Tuesday, January 6, 2015

Betsy Huete’s Top Ten of 2014

Betsy Huete

Sure, there are a lot of top ten lists out there, and in the last week or so they’ve come in droves. I’ve seen the top exhibitions of the year several times over from all different kinds of people, websites, blogs; the top ten art lists from Hyperallergic; Artnet’s fifty most interesting artists and most important essays; and so on. Hell, Robert even posted two top ten lists in the past week or so—one on comics and one on art books. So, surprise, surprise! I’m throwing my hat into the ring with my top ten pieces exhibited in Houston in 2014. Like last year, I’m being really specific, picking individual works instead of exhibitions. There have been many times, just like last year, where the exhibition as a whole either didn’t stand out to me or I didn’t have anything specific to say about it, yet a piece or two individually did something really special. Here they are:

10. Karyn Olivier, Still Life Series (Matinicus), 2014, How the Light Gets In: Recent Work by Seven Core Fellows at the Glassell School. These series of photographs are images of things that, in themselves, aren’t very interesting. Blemished painted foam, colored mirrors, and colored papers are a few objects that Olivier has arranged and photographed in various ways. But the precision of the photographs, like this one in particular, as well as the arrangement makes it look delectable, like cake.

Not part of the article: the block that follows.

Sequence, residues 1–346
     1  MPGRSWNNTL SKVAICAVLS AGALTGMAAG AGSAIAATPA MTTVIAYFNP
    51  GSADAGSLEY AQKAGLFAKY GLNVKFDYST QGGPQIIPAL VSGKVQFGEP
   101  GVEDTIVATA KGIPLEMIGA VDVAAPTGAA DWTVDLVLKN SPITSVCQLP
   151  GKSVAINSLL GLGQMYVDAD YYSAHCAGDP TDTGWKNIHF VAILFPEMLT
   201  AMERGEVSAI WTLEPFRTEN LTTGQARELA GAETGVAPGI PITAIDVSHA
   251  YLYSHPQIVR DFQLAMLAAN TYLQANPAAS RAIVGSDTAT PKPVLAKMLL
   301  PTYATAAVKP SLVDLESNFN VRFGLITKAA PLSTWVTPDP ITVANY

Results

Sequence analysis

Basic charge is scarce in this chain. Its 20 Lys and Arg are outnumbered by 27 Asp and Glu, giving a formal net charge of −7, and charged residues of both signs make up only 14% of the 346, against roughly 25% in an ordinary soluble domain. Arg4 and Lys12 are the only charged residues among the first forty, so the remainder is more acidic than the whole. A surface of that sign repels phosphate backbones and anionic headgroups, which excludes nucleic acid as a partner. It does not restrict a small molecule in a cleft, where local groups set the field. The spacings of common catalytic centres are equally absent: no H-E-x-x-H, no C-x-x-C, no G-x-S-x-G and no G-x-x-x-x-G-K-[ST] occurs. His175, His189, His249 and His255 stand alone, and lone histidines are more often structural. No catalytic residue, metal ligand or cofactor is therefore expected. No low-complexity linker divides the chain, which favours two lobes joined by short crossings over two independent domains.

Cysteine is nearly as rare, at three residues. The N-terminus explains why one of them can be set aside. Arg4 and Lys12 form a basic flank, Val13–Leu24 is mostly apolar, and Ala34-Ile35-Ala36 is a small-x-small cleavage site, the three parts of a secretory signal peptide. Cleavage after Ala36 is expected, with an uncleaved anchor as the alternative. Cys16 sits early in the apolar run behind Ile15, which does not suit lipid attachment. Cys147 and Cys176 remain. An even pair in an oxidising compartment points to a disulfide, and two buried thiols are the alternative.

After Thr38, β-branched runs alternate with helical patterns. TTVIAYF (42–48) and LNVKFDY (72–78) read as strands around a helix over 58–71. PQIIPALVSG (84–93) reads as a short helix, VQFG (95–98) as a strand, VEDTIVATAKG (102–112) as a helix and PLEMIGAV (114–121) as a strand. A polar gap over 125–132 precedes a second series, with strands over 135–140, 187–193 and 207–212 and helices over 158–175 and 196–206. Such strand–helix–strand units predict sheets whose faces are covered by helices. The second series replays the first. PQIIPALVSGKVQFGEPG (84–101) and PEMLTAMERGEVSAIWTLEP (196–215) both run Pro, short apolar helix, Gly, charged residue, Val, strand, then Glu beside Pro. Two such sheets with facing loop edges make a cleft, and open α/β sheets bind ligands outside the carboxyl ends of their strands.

Courtesy Devin Borden Gallery

9. Clark Derbes, Charlie, 2014, American Sculpture at Devin Borden. As a whole, this exhibition at Devin Borden seemed pretty tame and unassuming, which made Charlie stand out all the more. Derbes normally paints onto found wood, which is what he has done here. The truncated piece of wood twists, and the application of the colorful checkers make the whole piece feel elastic and dynamic. I have no idea who Charlie is or his relationship to Derbes, but if he’s anything like his sculpture, I want to meet this guy.

Courtesy Art Palace